When a home is properly staged, it may feel as though your home is not your own and even as though you are camping out in your own home. Keep in mind that staging can help you to sell your home as quickly as possible and to get the highest bid possible. Therefore, your effort is well worthwhile.
The Federal Housing Finance Agency (FHFA) reported that home prices rose by a seasonally-adjusted rate of 0.30 percent in January, and were 5.10 percent higher as compared to home prices in January 2014.
FHFA oversees Fannie Mae and Freddie Mac and its home price report is based on sales of homes financed by mortgages owned or backed by Fannie Mae and Freddie Mac.
Month- to- Month FHFA Home Prices Mixed
Month to month home price data was mixed for January. Home prices ranged from -0.40 percent in the Middle and South Atlantic census divisions to +2.30 percent in the East South Central census division.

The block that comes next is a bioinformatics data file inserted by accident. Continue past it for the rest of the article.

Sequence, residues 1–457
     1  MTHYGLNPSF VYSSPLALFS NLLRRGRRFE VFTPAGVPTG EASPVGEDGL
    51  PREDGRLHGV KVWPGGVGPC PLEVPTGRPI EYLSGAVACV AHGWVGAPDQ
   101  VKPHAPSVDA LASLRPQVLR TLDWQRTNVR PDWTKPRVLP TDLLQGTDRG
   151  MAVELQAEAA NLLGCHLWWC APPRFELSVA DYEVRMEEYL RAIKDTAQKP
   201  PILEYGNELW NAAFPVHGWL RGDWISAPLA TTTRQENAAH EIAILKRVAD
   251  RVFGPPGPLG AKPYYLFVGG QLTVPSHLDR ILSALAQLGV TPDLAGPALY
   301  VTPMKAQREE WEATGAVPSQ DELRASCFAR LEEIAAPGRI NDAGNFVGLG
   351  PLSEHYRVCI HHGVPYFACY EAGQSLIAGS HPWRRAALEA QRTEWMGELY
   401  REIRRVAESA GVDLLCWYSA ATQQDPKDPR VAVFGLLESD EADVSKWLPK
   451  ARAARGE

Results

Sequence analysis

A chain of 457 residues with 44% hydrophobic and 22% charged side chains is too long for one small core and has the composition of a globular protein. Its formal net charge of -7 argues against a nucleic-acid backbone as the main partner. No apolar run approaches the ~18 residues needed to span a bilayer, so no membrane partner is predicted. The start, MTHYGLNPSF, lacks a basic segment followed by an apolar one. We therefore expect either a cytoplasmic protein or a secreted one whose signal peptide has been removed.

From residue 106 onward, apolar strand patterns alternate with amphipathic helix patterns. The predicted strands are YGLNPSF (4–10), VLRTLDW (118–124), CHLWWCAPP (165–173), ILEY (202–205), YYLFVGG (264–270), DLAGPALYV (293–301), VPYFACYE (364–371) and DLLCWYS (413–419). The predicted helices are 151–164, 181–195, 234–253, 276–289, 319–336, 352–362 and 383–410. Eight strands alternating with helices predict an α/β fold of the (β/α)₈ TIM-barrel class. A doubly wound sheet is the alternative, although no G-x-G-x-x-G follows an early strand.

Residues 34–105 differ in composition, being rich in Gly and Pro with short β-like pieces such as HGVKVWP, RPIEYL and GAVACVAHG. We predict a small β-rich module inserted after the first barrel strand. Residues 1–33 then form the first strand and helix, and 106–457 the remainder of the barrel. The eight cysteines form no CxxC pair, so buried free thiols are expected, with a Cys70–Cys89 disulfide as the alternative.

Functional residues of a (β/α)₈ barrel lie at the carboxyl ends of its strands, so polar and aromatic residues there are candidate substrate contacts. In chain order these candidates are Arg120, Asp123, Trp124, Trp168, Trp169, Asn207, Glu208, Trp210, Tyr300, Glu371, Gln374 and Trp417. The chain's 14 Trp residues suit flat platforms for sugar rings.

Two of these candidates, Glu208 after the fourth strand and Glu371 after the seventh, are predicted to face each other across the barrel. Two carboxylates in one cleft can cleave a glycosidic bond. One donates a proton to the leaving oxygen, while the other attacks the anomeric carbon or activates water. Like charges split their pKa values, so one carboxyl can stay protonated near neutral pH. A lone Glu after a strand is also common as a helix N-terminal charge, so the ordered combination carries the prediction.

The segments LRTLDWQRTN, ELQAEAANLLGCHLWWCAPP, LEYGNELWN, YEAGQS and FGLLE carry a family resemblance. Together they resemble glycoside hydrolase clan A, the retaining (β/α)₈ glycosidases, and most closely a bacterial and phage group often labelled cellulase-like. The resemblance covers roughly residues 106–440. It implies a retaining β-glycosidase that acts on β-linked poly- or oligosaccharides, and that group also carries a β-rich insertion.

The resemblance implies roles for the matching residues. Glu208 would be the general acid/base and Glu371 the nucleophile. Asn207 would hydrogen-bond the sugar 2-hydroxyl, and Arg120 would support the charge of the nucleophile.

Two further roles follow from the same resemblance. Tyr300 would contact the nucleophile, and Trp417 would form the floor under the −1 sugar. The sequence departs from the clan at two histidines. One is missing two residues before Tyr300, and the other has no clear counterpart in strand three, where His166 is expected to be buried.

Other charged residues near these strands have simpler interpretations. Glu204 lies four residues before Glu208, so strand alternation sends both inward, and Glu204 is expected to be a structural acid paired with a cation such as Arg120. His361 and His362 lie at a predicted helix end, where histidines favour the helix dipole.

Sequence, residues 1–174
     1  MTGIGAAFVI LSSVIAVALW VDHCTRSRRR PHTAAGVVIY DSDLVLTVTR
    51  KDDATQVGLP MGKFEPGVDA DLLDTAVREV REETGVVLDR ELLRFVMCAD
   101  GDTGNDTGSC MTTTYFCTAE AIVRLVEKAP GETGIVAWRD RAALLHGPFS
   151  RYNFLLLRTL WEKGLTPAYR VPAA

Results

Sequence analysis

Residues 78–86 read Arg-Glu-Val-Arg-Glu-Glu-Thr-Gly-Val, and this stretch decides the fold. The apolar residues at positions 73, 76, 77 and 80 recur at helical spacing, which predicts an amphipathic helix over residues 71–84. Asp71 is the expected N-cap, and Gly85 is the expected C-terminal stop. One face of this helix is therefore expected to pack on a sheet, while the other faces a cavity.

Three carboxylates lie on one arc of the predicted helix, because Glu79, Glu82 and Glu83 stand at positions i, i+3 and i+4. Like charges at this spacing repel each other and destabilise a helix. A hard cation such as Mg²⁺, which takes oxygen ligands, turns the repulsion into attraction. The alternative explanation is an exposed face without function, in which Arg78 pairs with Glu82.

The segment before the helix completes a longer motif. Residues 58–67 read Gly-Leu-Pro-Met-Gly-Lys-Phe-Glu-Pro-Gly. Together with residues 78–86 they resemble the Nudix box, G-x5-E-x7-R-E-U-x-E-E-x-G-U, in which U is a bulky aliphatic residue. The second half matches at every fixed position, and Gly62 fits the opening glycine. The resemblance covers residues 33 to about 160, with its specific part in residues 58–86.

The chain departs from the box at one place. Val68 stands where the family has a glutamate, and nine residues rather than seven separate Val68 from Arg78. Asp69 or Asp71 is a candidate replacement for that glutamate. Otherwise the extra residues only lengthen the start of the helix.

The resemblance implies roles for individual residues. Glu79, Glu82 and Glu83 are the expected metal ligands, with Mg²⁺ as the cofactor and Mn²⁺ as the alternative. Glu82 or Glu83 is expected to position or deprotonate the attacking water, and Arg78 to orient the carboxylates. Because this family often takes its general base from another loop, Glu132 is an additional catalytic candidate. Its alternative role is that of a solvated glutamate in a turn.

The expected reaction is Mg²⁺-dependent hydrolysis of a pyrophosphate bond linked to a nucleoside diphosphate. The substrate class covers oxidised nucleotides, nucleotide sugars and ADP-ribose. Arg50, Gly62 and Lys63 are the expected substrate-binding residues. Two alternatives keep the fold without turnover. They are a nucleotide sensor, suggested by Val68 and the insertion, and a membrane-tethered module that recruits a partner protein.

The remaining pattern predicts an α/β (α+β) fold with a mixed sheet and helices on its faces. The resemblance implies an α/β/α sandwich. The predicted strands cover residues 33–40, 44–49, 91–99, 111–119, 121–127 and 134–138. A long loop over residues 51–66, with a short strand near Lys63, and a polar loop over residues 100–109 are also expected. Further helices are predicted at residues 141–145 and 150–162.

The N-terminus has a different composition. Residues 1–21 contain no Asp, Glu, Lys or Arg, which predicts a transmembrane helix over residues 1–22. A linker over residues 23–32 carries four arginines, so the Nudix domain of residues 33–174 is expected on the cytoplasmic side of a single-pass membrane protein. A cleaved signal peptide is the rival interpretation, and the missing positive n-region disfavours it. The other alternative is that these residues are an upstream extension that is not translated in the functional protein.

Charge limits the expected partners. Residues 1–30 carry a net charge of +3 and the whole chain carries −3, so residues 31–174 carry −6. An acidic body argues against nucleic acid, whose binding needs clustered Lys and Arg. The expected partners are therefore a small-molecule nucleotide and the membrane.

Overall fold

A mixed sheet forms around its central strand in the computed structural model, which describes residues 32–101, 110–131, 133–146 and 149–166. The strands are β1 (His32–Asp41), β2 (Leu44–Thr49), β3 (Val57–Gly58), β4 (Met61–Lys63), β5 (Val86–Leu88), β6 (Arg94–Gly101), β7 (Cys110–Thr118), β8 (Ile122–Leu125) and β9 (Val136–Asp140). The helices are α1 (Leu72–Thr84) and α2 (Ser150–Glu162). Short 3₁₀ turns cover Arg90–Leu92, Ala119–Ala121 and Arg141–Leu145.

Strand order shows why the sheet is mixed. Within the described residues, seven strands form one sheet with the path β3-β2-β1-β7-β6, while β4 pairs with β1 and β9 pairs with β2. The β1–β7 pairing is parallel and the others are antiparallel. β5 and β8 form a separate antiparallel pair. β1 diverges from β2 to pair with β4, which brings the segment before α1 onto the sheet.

Month-to month readings are considered more volatile than year-over-year home price readings. Year-over-year readings for all nine U.S. census divisions were positive and ranged from a 1.70 percent increase in the Middle Atlantic division to an increase of 8.20 percent in the Pacific division. This suggests that overall, home prices are gaining, but slowly.
Commerce Department: New Home Sales Hit 7-Year Peak
In an unrelated report, the Commerce Department reported that February sales of new homes reached a seven-year peak with 539,000 sales of new homes expected on a seasonally-adjusted annual basis. This was significantly higher than the expected reading of 455,000 new home sales and was also higher than the revised reading of 500,000 new home sales in January.